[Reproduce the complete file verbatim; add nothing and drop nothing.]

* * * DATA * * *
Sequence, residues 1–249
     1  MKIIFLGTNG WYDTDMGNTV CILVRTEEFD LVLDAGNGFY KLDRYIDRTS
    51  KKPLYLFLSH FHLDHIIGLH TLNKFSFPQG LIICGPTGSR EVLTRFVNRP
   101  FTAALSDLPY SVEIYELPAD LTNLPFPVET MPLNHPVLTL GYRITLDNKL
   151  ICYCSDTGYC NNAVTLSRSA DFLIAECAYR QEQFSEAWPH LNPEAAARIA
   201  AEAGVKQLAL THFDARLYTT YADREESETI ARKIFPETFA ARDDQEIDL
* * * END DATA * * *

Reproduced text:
Sequence, residues 1–249
     1  MKIIFLGTNG WYDTDMGNTV CILVRTEEFD LVLDAGNGFY KLDRYIDRTS
    51  KKPLYLFLSH FHLDHIIGLH TLNKFSFPQG LIICGPTGSR EVLTRFVNRP
   101  FTAALSDLPY SVEIYELPAD LTNLPFPVET MPLNHPVLTL GYRITLDNKL
   151  ICYCSDTGYC NNAVTLSRSA DFLIAECAYR QEQFSEAWPH LNPEAAARIA
   201  AEAGVKQLAL THFDARLYTT YADREESETI ARKIFPETFA ARDDQEIDL